By Sue Hubbard, M.D.
I'm trying to clean up my desk, and I've been looking through stacks of pediatric articles I felt were really interesting. One by Dr. Barbara Howard entitled "Three Magic Words Offer Food for Thought" made a wonderful point regarding family meals and eating habits.
She states that one of the best questions to ask during a "well-child" visit only requires three words, but offers so much insight into a family's interactions: "How are meals?" I know you know how much I believe in and promote families eating together.
There's been a lot of data substantiating the many positive side effects that stem from family meals. Not only does eating together as a family help improve food choices, which may help prevent obesity, but it also leads to children with improved vocabulary and language skills, social skills and manners.
Family meals have also been shown to lessen the chance of risk-taking behaviors in adolescents. Also, adolescents have fewer eating disorders when they have regular family meals. When I ask children about their meals, I also get parental feedback. The biggest complaint is that kids are "picky eaters."
Many children and parents will say that they don't eat together as a family because everyone eats something different. I don't think being a "short-order cook" is a job requirement of any parent.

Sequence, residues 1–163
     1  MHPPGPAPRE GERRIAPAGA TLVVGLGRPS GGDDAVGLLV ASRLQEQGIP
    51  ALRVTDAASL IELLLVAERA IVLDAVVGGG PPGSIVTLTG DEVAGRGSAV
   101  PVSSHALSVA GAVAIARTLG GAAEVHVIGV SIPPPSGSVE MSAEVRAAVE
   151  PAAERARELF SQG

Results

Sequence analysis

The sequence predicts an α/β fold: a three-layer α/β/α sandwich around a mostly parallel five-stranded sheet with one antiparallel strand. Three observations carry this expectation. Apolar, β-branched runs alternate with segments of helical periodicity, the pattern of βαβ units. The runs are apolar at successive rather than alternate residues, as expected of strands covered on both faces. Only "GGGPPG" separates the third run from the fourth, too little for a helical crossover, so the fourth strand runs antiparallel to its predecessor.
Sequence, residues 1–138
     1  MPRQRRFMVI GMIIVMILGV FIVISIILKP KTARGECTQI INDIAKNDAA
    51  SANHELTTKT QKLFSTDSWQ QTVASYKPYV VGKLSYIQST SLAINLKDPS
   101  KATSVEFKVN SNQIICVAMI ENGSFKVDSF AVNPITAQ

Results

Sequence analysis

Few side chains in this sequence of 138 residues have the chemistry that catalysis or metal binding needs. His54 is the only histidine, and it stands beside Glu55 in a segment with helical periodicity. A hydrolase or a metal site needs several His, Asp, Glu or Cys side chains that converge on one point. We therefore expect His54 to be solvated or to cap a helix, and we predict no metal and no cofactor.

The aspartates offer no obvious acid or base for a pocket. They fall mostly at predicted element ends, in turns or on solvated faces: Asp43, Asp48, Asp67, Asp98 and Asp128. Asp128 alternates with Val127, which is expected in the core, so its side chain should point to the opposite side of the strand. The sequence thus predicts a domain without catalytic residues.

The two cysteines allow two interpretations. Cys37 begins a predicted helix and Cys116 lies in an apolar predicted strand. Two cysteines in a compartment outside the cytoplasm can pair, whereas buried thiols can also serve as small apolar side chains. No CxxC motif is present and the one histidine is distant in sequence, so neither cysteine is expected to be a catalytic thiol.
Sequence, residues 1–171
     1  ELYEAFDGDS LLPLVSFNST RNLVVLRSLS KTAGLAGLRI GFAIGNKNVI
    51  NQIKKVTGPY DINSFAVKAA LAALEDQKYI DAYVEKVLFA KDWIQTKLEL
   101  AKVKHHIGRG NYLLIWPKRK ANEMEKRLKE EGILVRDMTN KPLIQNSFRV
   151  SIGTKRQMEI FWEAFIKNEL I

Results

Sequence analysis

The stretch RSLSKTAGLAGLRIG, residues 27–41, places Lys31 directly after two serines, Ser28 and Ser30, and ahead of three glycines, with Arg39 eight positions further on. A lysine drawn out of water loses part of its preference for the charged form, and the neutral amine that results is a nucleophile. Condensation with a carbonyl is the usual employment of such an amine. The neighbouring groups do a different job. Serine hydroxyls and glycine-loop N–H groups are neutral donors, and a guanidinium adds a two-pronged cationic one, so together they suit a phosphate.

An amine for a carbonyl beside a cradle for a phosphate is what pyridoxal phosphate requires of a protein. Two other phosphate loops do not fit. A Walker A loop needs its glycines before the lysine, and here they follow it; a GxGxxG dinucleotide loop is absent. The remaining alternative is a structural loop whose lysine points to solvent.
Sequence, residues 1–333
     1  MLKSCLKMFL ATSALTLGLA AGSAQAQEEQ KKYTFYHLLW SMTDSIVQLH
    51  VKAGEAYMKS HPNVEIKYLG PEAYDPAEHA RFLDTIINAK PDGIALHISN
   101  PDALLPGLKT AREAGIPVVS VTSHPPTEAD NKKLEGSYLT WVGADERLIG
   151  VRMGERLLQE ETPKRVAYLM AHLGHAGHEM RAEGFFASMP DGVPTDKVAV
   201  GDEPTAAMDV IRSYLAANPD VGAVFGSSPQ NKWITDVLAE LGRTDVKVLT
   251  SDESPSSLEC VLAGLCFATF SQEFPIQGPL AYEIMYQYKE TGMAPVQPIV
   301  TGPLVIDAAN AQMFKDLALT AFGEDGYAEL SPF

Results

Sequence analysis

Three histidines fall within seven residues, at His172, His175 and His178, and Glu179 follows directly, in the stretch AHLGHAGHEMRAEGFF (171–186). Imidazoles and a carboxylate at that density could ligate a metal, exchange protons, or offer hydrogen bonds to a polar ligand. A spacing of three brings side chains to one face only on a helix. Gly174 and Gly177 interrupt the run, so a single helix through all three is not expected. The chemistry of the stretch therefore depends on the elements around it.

Social worker Ally Slater delineates parents' responsibilities with regard to food as "what, when and where" while leaving children, "how much and whether." I love that! Parents control the grocery cart, meal and snack choices and food offerings on the plate.
It's nice to always offer at least one food that most family members like. Once that food is offered and everyone is gathered at the table to eat, parents need to back a off. Is that easier said than done? Maybe, in the beginning, but over time it actually simplifies family life.
I think it's really fairly easy if you "buy into" the idea of family meals and know that children will make better and wider food choices when given that opportunity. It may take up to 100 times - and many months - for your child to try different foods, but eventually you'll be pleased that you have a child who's a healthy eater and also enjoys a wide variety of foods.
Trust me, when raised this way, your children will turn out to be great eaters as adolescents and young adults. I think my boys are less "picky" than I am! (No sushi for me).
Dr. Sue Hubbard is an award-winning pediatrician, medical editor and media host. "The Kid's Doctor" TV feature can be seen on more than 90 stations across the U.S. Submit questions at http://www.kidsdr.com. The Kid's Doctor e-book, "Tattoos to Texting: Parenting Today's Teen," is now available from Amazon and other e-book vendors.
This article was printed in the October 18, 2015 - October 31, 2015 edition.